Denim.lab only offers menswear, why?
“Half of the people in the world are men, that’s reason enough for me. But in earnest, men - and above all my male denim customers - are more reliable and they value a pair of great jeans much more and for much longer than women do. Women’s fashion changes much too fast for me.
Denim.lab does not follow the trend of producing at least two collections a year. Why not?
“I don’t think that denim should be dictated by the four seasons or by four deliveries a year. Most collections of jeans can be sold throughout the year and over a longer period of time. That's especially important now that the demand for denim has decreased significantly and the stores need more time to work with an assortment of denim. A reliable NOS system is very important to me as well. On average, we keep six styles in store with a weekly replenishment order. So what that means is: for me, a high-end jeans brand is not dependent upon a marketing budget. Instead, everything goes into the product, the material, the leather, the metal, the re-usable packaging...and that is exactly what the independent dealer will need in the future. The big marketing brands will open their own stores anyway – if they have not already done so long ago.”
Denim.lab is slow fashion. How exactly do you work?
“My collection is dependent on the sourcing. I only use what I really like. That’s why we use Selvedge denim for jeans, shirts and even jackets. In rare cases, we also us other materials, such as blends with wool and other special fabrics. If a product is good, it will stay good – even over several seasons. So we keep the collections as simple as possible. We have three basic shapes of denim, the tight fit, the straight and the Chino. We have a shirt, a jacket and two jacket type coats. All these styles stay in the collection and we only change the material when it’s necessary.”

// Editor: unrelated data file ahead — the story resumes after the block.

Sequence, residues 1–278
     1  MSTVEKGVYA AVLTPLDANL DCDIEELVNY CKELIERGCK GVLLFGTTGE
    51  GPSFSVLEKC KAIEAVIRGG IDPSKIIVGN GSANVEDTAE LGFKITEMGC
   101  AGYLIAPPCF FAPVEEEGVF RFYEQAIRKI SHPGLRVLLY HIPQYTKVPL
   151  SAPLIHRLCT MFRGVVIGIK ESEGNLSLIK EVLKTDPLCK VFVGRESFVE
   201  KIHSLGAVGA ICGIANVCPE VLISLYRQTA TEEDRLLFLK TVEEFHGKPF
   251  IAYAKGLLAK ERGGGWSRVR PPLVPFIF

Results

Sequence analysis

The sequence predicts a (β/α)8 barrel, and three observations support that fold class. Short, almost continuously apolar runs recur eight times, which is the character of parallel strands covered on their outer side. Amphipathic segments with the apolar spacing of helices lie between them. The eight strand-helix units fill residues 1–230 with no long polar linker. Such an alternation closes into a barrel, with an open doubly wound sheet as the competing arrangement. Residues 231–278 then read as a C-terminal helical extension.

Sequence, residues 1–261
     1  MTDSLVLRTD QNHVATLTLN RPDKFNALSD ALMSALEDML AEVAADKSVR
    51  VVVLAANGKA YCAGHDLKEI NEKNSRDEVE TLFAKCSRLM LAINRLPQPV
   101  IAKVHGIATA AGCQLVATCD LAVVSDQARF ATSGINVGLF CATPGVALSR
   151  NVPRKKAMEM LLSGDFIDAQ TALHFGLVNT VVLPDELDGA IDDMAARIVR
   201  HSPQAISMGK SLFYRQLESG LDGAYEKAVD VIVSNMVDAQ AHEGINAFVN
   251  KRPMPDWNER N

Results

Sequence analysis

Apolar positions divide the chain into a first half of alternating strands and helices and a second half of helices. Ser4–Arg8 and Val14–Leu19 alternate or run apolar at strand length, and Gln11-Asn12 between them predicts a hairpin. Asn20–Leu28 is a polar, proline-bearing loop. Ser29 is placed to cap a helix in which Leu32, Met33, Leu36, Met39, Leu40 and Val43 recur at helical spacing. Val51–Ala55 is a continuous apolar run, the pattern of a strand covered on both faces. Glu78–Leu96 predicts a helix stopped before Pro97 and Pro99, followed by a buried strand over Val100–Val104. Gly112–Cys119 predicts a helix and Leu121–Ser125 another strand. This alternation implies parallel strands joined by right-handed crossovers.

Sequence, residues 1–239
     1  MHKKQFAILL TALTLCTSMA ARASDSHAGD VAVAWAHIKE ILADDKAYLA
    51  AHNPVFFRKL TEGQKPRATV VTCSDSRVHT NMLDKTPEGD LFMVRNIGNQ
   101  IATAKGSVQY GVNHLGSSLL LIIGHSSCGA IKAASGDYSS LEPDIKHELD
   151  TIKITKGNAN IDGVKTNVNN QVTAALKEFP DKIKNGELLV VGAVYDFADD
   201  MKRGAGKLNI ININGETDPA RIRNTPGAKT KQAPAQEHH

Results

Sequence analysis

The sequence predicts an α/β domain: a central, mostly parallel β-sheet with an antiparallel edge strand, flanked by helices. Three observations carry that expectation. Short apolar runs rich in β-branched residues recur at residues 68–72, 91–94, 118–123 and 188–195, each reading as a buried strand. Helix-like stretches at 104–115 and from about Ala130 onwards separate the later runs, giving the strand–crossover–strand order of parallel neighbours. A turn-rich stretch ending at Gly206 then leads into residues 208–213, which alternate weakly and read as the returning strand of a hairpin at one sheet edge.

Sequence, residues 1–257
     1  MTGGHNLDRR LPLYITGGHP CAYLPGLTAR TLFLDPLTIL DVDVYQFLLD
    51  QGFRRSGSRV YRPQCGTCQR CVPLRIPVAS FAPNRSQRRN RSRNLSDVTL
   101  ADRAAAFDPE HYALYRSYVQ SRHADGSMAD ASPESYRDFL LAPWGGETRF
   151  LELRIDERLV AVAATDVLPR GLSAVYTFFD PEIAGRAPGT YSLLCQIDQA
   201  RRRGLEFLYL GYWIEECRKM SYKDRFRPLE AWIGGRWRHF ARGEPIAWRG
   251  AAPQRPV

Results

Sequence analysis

Where do you produce the products?
“We mainly source and produce in two places: Japan and Thailand. In both locations, there is a lot of know-how in the field of Selvedge denim production.”
Where do you get your Inspiration from?
“I travel every couple of weeks, visit mills and factories, go to fabric stores and look for remnants which we can use. But I also like working directly with the weavers and developing my own ideas. Together, all of that is very inspiring for me. Also, meeting the sales teams in the various countries and talking to my customers about what they liked can set new ideas in motion.”
You also sell Selvedge denim in your webshop. What type of customer buys your denim material?
“We sell it to all sorts of customers: tailors, bag makers, hobby craftsmen, fashion students, cobblers, etc. Basically, it’s of interest to anyone who needs between 3-300 metres of material. But we also sell larger quantities, if customers can’t find what they need.”
What is the mainstream trend in the denim branch right now?
“For women, I really like the Fabric Mix at the moment, from which this re-used look has emerged. It’s very fresh and has endless potential for development.”